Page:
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Life, death and magic:
2000 years of Southeast Asian ancestral art

13 August – 31 October 2010 | Exhibition Galleries

Life, death and magic: 2000 years of Southeast Asian ancestral art is the first major exhibition of animist art from Southeast Asia to be held in Australia. The works of art originate from Indonesia, the Philippines, Malaysia, Vietnam, Taiwan, East Timor, Brunei, Thailand, Cambodia and southern China. For thousands of years, communities in these areas have created remarkable art expressing the region’s most ancient and enduring spiritual beliefs and social organisation. The exhibition celebrates the antiquity and continuity of animism as the inspiration for exquisite objects in bronze, stone, wood, gold and fibre.

Widespread before the introduction of Hinduism, Buddhism and, later, Islam and Christianity, ancestral and animist beliefs still survive in Southeast Asia, especially in remote islands and isolated mountainous regions. Animism centres on the power of nature spirits and the souls of the dead to intervene malevolently or benevolently in daily life. Beauty and ferocity are equally important in Southeast Asian animist art.

Pleasing designs attract the blessings of the ancestors while grotesque images dispel evil beings. Many objects on display in Life, death and magic are simultaneously appealing and menacing, even macabre.

Communities seek prosperity—abundant herds, successful crops and healthy children—in a precarious physical and supernatural environment, at the mercy of evil spirits and unpredictable forces of nature. Manipulation of magic, close adherence to rituals and the creation of powerful art are all central to pacifying the supernatural world and ensuring cosmic balance. Particular attention is paid to rites associated with important events in the life `cycles of humans and crops.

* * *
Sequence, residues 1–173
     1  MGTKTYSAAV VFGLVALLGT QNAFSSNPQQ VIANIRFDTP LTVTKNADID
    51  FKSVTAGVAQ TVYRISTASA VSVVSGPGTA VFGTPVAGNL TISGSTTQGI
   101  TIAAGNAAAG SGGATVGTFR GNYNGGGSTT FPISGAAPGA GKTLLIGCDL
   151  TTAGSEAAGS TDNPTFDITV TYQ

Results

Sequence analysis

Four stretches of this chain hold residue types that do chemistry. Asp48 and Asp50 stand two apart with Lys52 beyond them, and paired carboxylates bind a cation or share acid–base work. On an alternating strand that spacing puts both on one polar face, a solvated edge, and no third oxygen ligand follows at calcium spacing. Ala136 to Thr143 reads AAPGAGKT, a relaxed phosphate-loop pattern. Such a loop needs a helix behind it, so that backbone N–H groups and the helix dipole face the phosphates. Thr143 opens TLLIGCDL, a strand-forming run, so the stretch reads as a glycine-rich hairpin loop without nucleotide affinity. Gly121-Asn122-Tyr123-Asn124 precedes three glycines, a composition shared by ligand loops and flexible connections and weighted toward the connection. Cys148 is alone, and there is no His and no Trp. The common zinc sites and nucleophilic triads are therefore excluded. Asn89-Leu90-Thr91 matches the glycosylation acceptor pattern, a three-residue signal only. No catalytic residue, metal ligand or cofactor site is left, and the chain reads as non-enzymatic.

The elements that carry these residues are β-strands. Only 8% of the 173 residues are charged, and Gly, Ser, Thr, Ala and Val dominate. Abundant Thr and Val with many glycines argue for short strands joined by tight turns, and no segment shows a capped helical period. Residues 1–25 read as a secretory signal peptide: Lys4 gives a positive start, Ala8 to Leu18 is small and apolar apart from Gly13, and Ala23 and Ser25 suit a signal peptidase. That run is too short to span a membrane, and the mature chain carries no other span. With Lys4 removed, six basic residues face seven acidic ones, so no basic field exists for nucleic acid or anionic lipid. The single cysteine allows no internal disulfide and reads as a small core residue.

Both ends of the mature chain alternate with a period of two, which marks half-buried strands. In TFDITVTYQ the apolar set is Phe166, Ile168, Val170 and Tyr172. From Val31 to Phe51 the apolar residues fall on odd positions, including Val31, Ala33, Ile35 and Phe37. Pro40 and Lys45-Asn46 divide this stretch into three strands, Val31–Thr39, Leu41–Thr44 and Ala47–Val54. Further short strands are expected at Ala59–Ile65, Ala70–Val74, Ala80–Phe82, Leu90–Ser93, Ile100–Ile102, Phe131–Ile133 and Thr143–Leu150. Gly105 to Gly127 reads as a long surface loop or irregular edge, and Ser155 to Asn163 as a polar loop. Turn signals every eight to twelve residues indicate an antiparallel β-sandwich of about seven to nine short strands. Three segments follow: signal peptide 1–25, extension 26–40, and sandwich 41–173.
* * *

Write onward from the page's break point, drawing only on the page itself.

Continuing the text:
Planting and harvest, birth, marriage and death are occasions for special ceremonies. Utilitarian and ritual objects—clothing, jewellery, thrones, headhunting weapons, houses, vessels, weaving implements—are elaborately decorated with protective motifs to ensure clan prosperity and village wellbeing. Funerals, in particular, inspire the creation of spectacular works of art. The exhibition includes superbly decorated grave goods, elaborate coffins, fearsome protective funerary sculptures, shrouds and a spectacular array of sculptures and altars in honour of the recently deceased and distant ancestors. Objects used in magic are among the most mysterious in the exhibition and include shamans’ robes, magical staffs, potent amulets, sacred textiles and divination books.


Only on show at the National Gallery of Australia, Canberra, Life, death and magic combines loans from renowned institutions in Asia, Europe, America and Australia with works from the Gallery’s own rich collections of Southeast Asian textiles, gold ornaments and important recent acquisitions of sculpture.



EXHIBITION BOOK beautifully designed hardcover and prolifically illustrated. Read more

$59.95 NGA shop price


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